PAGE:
Personally I'm not convinced that intelligence is an evolutionary good trait, and it would easily wipe itself out. It is also suggested that intelligence is a predator trait and that also doesn’t provide the best scenario for longevity.



posted on Mar, 20 2009 @ 01:52 PM
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reply to post by Byrd
 


I started another thread about how studying alcohol could help in measureing mutations in real time. I would like all the feed back I can get.



posted on Mar, 20 2009 @ 07:30 PM
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Originally posted by Xtrozero
reply to post by jfj123
 


Ever read Elf Stones of Shannara by Terry Brooks. This books world is basically as you describe. Millions of years after a techno society nuclear war the people evolved into different races. One example is the dwarfs who evolved from people who worked in underground cities during the techno years.

Hawking has talked on this subject too in that he suggests we are reaching the point where we will start to evolve ourselves in directions we choose to go, so basically we will see start to see million year evolution happen in hundreds of years. Keeping that in mind, just think of what few 1000 years of this will do to us when even 10,000 years is hardly noticed in evolution.

Personally I'm not convinced that intelligence is an evolutionary good trait, and it would easily wipe itself out. It is also suggested that intelligence is a predator trait and that also doesn’t provide the best scenario for longevity.




Very interesting post. Thanks for the info



posted on Mar, 20 2009 @ 07:34 PM
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I thought everyone might find this interesting


a Texas state Representative who — you might want to sit down, or maybe even lie on the floor as you read this — wants the Institute for Creation Research to be able to grant Master of Science degrees.

OK, I’ll let you comically rub your eyes with your fists for a second, then check that yes, you did indeed read that correctly. The ICR — a wretched hive of scum and villainy — thinks that it’s doing science research (and boy is it not), and it’s not fair that they can’t grant science degrees! Now, this is not really surprising, seeing that the ICR can’t grasp reality with both hands, a vice, and a lifetime supply of crazy glue, but still. It’s funny.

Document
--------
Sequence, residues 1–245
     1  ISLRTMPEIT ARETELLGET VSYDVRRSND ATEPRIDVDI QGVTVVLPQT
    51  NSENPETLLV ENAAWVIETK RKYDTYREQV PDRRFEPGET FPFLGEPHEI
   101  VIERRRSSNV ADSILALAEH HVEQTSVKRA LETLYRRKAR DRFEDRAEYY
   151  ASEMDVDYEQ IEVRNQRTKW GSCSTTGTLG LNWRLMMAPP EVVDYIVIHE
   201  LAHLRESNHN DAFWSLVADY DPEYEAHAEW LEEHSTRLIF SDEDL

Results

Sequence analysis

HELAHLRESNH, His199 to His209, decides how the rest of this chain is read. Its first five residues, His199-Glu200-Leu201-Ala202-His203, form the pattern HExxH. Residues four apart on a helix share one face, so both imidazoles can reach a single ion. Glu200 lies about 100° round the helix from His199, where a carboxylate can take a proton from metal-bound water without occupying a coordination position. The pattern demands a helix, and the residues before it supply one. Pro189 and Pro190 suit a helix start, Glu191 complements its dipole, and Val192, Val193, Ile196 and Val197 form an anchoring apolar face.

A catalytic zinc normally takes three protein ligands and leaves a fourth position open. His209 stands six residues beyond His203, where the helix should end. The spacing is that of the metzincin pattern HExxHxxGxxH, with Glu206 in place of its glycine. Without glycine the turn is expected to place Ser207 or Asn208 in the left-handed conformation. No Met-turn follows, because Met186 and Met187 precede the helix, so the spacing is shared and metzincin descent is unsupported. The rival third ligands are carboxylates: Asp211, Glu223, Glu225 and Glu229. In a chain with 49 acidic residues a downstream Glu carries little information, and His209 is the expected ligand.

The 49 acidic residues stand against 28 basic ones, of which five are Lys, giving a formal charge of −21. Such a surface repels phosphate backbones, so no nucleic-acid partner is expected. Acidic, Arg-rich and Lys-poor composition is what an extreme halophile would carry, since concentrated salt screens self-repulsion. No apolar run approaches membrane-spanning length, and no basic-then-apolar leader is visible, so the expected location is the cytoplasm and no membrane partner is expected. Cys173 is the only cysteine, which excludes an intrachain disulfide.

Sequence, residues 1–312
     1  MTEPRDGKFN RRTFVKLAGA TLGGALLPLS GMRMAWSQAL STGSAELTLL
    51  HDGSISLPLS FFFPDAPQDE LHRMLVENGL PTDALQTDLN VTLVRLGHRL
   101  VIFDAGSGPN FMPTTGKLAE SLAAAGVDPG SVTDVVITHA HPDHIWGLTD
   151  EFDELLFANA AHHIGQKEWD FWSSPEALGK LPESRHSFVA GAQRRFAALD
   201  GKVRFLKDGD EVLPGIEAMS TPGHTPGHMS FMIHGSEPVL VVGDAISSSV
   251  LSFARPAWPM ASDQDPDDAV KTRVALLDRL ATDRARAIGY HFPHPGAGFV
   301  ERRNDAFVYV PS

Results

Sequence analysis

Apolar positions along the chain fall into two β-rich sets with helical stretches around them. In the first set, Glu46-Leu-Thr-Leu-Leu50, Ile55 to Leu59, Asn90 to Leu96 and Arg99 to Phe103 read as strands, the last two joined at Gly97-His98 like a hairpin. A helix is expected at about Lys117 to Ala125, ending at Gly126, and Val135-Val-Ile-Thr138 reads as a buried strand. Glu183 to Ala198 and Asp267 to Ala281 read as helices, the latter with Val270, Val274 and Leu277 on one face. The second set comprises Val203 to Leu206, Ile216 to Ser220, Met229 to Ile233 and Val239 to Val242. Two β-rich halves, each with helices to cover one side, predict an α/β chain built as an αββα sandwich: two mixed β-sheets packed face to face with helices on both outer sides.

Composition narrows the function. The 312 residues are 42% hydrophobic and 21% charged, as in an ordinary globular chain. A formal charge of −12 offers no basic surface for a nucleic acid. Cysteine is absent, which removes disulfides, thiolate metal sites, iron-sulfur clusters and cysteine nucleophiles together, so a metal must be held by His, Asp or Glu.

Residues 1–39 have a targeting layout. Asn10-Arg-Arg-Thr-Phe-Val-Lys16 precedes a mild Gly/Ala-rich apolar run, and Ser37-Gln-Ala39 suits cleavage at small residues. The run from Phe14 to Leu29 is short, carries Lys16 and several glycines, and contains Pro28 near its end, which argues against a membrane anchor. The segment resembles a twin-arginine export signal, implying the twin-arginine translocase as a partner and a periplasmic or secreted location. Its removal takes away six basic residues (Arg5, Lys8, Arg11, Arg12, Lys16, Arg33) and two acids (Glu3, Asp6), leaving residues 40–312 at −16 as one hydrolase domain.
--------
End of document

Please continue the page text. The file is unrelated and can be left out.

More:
blogs.discovermagazine.com...



posted on Mar, 20 2009 @ 08:13 PM
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reply to post by flitstone42
 



Just because Evolution isn't true doesn't necessarily mean that a god created everything, or that there even is a creator. But from a scientific standpoint, Evolutionists are being dishonest because they are afraid that if they let go of their pet theory, they will be admitting defeat to the Creationists. But they should come up with a theory based on science, not speculation.


Thank you for putting your post so succinctly!!! I for one appreciate it.

I personally feel more answers come if more speculation regarding a Creator is allowed. But, realizing that science is limited and bound by its own laws, I cannot expect it.

Thank you! a *4U.



posted on Mar, 20 2009 @ 08:35 PM
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reply to post by jfj123
 


Theory can also mean:


"A coherent group of general propositions used as principles of explanation for a class of phenomena: Darwin's Theory of evolution. A proposed explanation whose status is still conjectural...a guess or conjecture, contemplation or speculation." -Webster's


This explanation leaves room for human error of supposition.



posted on Mar, 20 2009 @ 08:49 PM
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reply to post by Astyanax
 



So there you have it: evolutionary theory is both alive and dead. It is alive in the world, and in science, with no evident danger to its continued health and success; and it is dead in the minds of creationists - as if anyone cares.



Actually, I think that there is a world of belief between the two. I am one who believes in a higher power, one with consciousness, but can also see how he/it could very easily implement micro-evolution. Why not?